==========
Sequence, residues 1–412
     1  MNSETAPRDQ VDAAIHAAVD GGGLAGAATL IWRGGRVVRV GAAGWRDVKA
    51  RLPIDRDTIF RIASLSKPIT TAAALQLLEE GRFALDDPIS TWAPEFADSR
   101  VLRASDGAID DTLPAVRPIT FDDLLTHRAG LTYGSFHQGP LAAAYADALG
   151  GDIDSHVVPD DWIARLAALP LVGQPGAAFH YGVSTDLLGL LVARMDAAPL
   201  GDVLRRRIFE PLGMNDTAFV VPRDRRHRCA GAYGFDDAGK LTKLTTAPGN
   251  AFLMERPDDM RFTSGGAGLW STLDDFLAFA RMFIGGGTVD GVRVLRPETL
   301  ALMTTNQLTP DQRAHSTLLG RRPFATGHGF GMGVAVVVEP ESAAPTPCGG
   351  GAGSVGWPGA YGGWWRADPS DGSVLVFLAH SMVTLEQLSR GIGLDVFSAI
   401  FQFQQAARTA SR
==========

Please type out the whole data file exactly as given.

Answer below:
Sequence, residues 1–412
     1  MNSETAPRDQ VDAAIHAAVD GGGLAGAATL IWRGGRVVRV GAAGWRDVKA
    51  RLPIDRDTIF RIASLSKPIT TAAALQLLEE GRFALDDPIS TWAPEFADSR
   101  VLRASDGAID DTLPAVRPIT FDDLLTHRAG LTYGSFHQGP LAAAYADALG
   151  GDIDSHVVPD DWIARLAALP LVGQPGAAFH YGVSTDLLGL LVARMDAAPL
   201  GDVLRRRIFE PLGMNDTAFV VPRDRRHRCA GAYGFDDAGK LTKLTTAPGN
   251  AFLMERPDDM RFTSGGAGLW STLDDFLAFA RMFIGGGTVD GVRVLRPETL
   301  ALMTTNQLTP DQRAHSTLLG RRPFATGHGF GMGVAVVVEP ESAAPTPCGG
   351  GAGSVGWPGA YGGWWRADPS DGSVLVFLAH SMVTLEQLSR GIGLDVFSAI
   401  FQFQQAARTA SR